Priority No.1 for the Dolphins is determining who will coach their defense in 2015.
But once that is settled — and as of Friday, Kevin Coyle remained in place as Miami’s defensive coordinator — it’s on to Priority No. 2.
How to fix the defense.
And more specifically, what can Dion Jordan do to help the cause?
Sign Up and Save
Get six months of free digital access to the Miami Herald
Now two full years into his pro career, Jordan remains an enigma. Is the former No.3 overall pick a defensive end? Is he a linebacker? Maybe both?
“I’m a defensive end, and I’m going to continue to do whatever they need me to do, whether it’s covering a special-teams kick or blocking on a specials-teams return or blocking a guy,” Jordan said earlier this week. “I’m going to continue to do that.”
Problem is, if he remains at defensive end, he’s going to run into the same problem in Year3 as he did in the first two: Will he come close to being an every-down player?
Because, barring an unforeseen development, Cameron Wake and Olivier Vernon will still be ahead of him on the depth chart. Both are under contract for the 2015 season.
Perhaps that’s why the Dolphins experimented with Jordan at strong-side linebacker late in the 2014 season. It might have been an audition.
Jordan made his first career start at strong-side linebacker in Sunday’s season finale. He recorded three tackles and two quarterback hurries — but with the all-to-familiar caveat: in limited usage.
Jordan was on the field for just 22 of the Dolphins’ 62 defensive snaps. That was not the exception, but the rule in 2014. His usage rate was 34.1 percent — making him the team’s fourth option at defensive end, behind even Derrick Shelby.
That also made Jordan the least-used healthy player selected in the top 10 of the 2013 draft. Only Cardinals guard Jonathan Cooper (seventh overall) and Jets cornerback Dee Milliner (ninth) played less, and they missed significant time because of injury.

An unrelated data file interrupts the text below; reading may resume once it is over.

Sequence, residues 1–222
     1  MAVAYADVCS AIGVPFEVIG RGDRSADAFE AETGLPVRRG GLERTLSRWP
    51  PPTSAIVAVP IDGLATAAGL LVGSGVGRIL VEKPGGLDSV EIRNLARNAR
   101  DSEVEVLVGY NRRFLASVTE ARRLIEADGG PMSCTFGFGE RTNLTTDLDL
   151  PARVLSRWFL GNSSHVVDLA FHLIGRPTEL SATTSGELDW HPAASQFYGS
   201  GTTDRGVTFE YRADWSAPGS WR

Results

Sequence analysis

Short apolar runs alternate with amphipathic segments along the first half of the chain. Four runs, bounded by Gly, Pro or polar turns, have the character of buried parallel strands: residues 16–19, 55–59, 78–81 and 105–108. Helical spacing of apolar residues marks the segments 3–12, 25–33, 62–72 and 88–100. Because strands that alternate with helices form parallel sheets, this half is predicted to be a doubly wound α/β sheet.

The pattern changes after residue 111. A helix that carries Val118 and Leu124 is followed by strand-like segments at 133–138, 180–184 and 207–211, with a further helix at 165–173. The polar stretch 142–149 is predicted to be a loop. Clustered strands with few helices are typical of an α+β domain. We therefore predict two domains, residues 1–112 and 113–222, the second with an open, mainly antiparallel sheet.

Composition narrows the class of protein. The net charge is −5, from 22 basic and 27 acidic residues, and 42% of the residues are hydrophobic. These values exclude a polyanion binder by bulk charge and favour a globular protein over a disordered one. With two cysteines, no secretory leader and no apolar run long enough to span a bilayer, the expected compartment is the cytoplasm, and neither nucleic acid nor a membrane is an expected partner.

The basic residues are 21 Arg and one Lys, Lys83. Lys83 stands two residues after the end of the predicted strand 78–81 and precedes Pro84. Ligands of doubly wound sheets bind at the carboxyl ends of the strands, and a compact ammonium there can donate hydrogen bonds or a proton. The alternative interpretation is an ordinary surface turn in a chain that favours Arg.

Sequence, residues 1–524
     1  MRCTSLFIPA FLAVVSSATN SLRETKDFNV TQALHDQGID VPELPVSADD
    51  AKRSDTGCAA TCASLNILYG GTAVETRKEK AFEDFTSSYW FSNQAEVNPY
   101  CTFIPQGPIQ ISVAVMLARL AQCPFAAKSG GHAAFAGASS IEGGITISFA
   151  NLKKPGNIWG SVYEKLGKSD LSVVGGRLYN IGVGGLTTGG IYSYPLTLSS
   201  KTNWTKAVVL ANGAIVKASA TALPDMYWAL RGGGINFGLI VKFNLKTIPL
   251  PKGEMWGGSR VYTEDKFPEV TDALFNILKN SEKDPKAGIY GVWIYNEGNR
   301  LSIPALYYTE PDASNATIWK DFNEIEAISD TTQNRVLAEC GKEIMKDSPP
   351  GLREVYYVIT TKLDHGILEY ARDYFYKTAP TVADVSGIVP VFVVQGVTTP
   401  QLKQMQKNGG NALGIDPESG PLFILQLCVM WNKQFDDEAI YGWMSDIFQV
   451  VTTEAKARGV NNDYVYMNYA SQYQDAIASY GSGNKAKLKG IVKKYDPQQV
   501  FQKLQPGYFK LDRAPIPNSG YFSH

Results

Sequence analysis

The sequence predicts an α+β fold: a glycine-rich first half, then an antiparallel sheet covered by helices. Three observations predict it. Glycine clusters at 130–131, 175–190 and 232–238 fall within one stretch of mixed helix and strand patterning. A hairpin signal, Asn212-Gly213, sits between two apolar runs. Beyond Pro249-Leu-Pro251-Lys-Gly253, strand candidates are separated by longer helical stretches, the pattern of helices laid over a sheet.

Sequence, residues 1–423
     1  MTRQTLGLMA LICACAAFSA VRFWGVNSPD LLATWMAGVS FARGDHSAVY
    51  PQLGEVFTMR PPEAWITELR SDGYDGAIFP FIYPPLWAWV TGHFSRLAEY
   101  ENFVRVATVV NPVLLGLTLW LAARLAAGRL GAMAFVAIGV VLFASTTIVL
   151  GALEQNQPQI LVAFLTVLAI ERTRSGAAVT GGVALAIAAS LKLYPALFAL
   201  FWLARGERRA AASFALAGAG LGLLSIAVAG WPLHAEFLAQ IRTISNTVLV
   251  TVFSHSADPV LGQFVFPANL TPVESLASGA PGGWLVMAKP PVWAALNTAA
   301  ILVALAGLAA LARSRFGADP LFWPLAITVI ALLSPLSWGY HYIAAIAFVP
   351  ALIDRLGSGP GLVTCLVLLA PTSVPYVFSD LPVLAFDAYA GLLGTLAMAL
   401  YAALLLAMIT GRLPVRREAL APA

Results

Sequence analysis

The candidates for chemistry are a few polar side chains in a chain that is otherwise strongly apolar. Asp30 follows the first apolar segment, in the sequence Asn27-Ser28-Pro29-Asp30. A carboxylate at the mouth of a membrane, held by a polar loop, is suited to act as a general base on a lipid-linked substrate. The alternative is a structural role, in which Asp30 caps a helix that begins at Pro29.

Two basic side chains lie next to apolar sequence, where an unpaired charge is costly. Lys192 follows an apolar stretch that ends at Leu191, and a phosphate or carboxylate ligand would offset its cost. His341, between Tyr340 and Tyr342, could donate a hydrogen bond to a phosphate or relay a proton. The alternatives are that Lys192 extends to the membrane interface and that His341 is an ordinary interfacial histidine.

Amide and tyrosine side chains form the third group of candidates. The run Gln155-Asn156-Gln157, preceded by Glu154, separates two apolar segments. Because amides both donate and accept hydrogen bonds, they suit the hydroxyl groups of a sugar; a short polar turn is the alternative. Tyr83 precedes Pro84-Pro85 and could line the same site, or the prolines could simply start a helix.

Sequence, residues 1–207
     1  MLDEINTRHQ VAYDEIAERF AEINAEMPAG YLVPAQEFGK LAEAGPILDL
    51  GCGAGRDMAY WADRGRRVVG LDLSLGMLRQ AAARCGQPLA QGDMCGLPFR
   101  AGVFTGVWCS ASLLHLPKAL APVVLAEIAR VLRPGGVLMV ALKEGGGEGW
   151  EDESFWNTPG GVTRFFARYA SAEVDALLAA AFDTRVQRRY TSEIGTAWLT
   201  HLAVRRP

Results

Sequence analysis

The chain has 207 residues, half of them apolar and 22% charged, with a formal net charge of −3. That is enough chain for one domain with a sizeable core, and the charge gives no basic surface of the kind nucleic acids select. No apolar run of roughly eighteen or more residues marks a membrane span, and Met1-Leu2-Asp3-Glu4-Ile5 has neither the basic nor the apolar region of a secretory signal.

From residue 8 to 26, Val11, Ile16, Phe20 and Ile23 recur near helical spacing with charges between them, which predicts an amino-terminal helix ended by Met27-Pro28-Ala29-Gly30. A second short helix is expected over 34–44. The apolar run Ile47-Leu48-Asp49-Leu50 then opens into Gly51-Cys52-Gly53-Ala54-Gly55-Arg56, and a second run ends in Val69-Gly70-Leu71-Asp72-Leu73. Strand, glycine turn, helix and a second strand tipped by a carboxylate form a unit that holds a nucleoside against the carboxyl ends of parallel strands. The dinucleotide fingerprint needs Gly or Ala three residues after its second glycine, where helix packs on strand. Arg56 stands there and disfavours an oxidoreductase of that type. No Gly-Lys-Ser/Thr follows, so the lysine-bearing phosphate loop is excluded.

Put simply, the Dolphins need a better return on their investment. So moving Jordan to linebacker makes a lot of sense.
First, he has played it before. Jordan was a full-time 4-3 linebacker in college.
Plus, the Dolphins’ linebackers again underachieved this past year, and starting strong-side linebacker Philip Wheeler became persona non grata after calling out the coaching staff following the team’s loss to Green Bay.
“The nice thing about [Jordan] is we can put him at a linebacker, and he can drop in coverage, or we can put him at linebacker, and he can rush,” Dolphins coach Joe Philbin said recently. “They have to figure out how they can count him, so to speak, in terms of their identification system offensive. I think that’s one advantage of having him out there is it creates a little bit of indecision, and sometimes he can play man-to-man, he can play zone, he can rush the quarterback. I think his versatility and flexibility is a big advantage for us defensively.”
Some worry that Jordan might simply outgrow the position. He put on a fair amount of weight between his first and second seasons, and another jump in size might sap some of his speed.
Neither he nor Philbin seemed too concerned about that scenario.
“I’m going to continue to work, just as far as my strength aspect and being well on my feet,” Jordan said. “Being able to run and cover guys. When I’m called, it’s got to be something I can do. It happened this year, it happened last year. I’m a football player. I’m not going to limit myself to just one specific role or position.”
Before breaking for the offseason, Dolphins coaches told Jordan to stay healthy. Perhaps left unsaid: Stay out of trouble, too. He missed the first six games of the 2014 season after failing two drug tests. A third positive would keep him out even longer.
Despite all that, he believes he made strides in his second year — even if the statistics suggest otherwise.
“I made a lot of progress, especially seeing I missed the time that I did,” Jordan said. “I feel like I made a lot of progress. I stepped in and assumed numerous roles in the team.”